Wooldridge works in Washington D.C. and strives to educate lawmakers, congressmen and senators on the advantages of ending the federal prohibition of marijuana.
“I recently met with a group of conservatives and provided some evidence on placing marijuana on a statewide ballot,” Wooldridge said. “The evidence is that when doing this, you increase the turnout for Democrats who end up voting for the Democratic candidates.”
Wooldridge urges these Republicans to support legalization in order to increase their chances of winning elections due to less Democratic, one-issue voters that may only be attending polls to vote for recreational legalization on election day.
Michigan State University criminal justice student John Bower plans to pursue a career in federal law enforcement, and believes there may not be a future for national marijuana legalization.
“It’s most likely always going to be illegal federally, but I’m never going to say never,” Bower said. “I think as more states recognize and understand the real dangers of marijuana, they may realize it’s harmless. We may see more states follow suit like Michigan or Washington, but everyone will eventually have to adapt their own laws and ordinances around legalization.”
In regards to the economy, Wooldridge believes time will be needed for retail stores to adhere to the state’s lack of supply to an overwhelming amount of demand.
“There’s always been a difficult transition period where supply needs to catch up with demand. The first time we saw this was in Boston or in Massachusetts, where stores opened up and sold out immediately,” Wooldridge said. “A year from now, you’re gonna find supply and demand pretty close in balance.”
Where is the money going?
Michigan’s state budget will be affected by the impact of Proposal 1, as voters were also approving a 10 percent tax on marijuana retail products – dedicated to implementation costs, clinical trials, schools, roads and municipalities where marijuana businesses are located.
The marijuana industry could generate more than $260 million a year in revenue, including $140 million for the School Aid Fund and $63 million for the Michigan Transportation Fund, according to the Michigan Senate Fiscal Agency.
Although many cops project a decrease in costs dedicated to marijuana related crimes, the Department of State Police will now be required to cooperate and assist in conducting background investigations of applicants who plan to open marijuana retail stores, according to the Michigan Senate Fiscal Agency.
Many projections show that the proposal may also reduce police costs. Nearly $95 million was spent enforcing laws against marijuana possession in 2010, according to the American Civil Liberties Union, and legalization will save time and money spent in court systems for marijuana charges.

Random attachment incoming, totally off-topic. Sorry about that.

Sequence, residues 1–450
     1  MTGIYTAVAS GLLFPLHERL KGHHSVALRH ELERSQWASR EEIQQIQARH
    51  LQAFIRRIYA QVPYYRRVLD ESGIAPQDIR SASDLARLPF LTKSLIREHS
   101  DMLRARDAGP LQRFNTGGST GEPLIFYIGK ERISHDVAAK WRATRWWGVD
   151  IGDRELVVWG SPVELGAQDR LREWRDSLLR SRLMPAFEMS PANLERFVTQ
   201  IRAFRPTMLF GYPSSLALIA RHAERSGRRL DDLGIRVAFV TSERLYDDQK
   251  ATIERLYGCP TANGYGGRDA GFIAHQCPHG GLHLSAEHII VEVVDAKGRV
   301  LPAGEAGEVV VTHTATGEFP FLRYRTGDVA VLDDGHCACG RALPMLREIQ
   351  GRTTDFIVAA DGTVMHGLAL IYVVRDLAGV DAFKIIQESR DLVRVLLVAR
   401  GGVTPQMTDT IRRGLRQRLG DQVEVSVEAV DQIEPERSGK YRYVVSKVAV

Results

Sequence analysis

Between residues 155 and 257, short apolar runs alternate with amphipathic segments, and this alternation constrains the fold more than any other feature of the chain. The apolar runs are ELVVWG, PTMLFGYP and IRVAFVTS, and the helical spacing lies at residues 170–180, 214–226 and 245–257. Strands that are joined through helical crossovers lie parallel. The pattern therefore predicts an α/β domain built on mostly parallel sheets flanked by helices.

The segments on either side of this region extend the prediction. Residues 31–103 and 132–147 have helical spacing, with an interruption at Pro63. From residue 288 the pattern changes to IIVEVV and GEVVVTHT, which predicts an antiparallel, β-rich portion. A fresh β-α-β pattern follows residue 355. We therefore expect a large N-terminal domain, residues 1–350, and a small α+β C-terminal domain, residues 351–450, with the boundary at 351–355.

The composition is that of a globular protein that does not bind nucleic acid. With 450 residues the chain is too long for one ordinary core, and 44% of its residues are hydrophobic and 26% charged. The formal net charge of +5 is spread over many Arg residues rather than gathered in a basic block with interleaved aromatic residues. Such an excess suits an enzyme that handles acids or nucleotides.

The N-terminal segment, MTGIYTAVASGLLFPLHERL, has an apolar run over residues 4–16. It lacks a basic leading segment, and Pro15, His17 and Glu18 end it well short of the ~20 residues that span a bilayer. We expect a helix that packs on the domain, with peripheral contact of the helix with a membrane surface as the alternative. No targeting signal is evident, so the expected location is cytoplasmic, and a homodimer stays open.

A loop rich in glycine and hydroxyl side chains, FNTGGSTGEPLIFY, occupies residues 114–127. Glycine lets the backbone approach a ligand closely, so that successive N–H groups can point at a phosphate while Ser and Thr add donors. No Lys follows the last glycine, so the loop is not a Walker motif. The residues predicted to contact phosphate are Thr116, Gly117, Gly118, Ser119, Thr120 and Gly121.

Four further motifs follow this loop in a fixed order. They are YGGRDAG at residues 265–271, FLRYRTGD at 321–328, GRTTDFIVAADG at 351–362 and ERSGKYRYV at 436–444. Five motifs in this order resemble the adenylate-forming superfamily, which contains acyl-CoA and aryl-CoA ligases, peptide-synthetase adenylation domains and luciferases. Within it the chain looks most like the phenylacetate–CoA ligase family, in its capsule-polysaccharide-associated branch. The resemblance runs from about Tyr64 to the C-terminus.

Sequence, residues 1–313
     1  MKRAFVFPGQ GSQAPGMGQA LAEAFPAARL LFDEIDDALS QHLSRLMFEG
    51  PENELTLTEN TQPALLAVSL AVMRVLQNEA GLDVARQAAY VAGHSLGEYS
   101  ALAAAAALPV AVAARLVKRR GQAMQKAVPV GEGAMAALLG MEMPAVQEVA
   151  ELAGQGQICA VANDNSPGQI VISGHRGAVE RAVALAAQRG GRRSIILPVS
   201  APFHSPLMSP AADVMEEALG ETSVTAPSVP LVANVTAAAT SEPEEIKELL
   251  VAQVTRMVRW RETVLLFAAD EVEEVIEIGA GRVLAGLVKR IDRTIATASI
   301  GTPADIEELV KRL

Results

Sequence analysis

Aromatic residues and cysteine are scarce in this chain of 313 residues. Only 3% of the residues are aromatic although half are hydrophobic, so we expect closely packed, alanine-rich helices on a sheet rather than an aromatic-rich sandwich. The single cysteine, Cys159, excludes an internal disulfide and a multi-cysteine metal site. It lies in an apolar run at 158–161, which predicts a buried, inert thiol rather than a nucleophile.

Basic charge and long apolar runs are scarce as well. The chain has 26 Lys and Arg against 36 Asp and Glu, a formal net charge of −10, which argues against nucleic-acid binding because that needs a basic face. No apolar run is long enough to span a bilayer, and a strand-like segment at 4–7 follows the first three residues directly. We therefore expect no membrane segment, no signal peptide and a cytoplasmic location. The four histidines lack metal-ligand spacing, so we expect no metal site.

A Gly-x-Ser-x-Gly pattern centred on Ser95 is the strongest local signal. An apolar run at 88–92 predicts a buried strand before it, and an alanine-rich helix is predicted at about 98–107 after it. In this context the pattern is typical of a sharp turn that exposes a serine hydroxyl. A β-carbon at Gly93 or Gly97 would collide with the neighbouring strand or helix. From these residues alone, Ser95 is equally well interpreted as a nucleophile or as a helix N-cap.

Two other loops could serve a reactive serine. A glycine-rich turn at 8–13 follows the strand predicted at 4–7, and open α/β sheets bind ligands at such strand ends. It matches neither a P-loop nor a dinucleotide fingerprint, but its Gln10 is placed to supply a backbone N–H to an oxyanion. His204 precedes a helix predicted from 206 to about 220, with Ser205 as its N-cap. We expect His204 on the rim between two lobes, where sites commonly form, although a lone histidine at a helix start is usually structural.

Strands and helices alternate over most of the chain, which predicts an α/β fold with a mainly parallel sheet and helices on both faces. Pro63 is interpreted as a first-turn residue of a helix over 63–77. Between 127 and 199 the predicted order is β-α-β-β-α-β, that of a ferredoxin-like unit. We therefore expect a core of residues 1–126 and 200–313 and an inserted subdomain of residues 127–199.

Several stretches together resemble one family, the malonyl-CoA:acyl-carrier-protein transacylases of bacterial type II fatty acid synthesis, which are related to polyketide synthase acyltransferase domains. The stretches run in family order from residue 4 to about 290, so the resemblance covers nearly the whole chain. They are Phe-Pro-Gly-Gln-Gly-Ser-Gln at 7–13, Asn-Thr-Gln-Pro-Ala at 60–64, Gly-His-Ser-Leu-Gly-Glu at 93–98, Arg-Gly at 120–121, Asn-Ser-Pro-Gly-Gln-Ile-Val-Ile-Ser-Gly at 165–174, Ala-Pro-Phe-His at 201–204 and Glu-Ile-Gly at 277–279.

While the proposal decreases the spending and time of criminal justice officials, it also increases tax revenue within the state.
Michigan State University criminal justice senior Evan Flohr believes that legalization will allow criminal justice professionals to spend more time on bigger drug related issues, in addition to providing excess funds for state costs.
“We can focus on bigger things in the drug area, like the opioid problem that’s currently running through not only the United States, but nationwide and across the world,” Flohr said. “Once it’s eliminated, overpopulation in prisons should hopefully die down, and it’ll make it easier on the taxpayers as well.”
The Detroit Free Press reported that the approved proposal will generate $134.5 million in tax revenues annually, which is projected to increase as time progresses.
In other states that have legalized recreational marijuana, tax revenue has greatly impacted crucial areas of state budget including additional funding for state education, public safety and transportation. According to Colorado Department of Revenue, the state has earned nearly $862 million in medical and retail marijuana tax fee collections since 2014.
“It’s impacted us greatly financially, which has been a boom for us,” DiSalvo said. “In our community of Aspen, marijuana retail has even out sold retail alcohol the last two years in a row.”
Stores will open in select cities across Michigan, based on communities that chose to opt-in to opening marijuana municipalities.
Although the election may be over, lobbyists are not giving up on ensuring legislation follows their advocacy efforts, striving to give a wide range of communities the chance to financially participate in the legalization process.
Nick Zettell said that since the proposal passed, it may be easier for cities to open marijuana retail facilities in comparison to medical marijuana dispensaries in the past; however, the guidelines and regulations to sell recreational marijuana have not been approved yet.
A proposed initiated law to authorize and legalize possession, use and cultivation of marijuana products by individuals who are at least 21 years of age and older, and commercial sales of marijuana through state-licensed retailers.
This proposal would
- Allow individuals 21 and older to purchase, possess and use marijuana and marijuana-infused edibles, and grow up to 12 marijuana plants for personal consumption.
- Impose a 10-ounce limit for marijuana kept at residences and require amounts over 2.5 ounces be secured in locked containers.
- Create a state licensing system for marijuana businesses and allow municipalities to ban or restrict them.
- Permit retail sales of marijuana and edibles subject to a 10% tax, dedicated to implementation costs, clinical trials, schools, roads, and municipalities where marijuana businesses are located.
- Change several current violations from crimes to civil infractions.